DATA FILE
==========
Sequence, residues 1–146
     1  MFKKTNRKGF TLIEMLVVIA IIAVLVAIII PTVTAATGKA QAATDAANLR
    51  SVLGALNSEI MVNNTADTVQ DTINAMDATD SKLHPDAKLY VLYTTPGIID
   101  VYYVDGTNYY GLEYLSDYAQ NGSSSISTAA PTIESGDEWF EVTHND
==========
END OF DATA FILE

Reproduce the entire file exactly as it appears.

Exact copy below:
Sequence, residues 1–146
     1  MFKKTNRKGF TLIEMLVVIA IIAVLVAIII PTVTAATGKA QAATDAANLR
    51  SVLGALNSEI MVNNTADTVQ DTINAMDATD SKLHPDAKLY VLYTTPGIID
   101  VYYVDGTNYY GLEYLSDYAQ NGSSSISTAA PTIESGDEWF EVTHND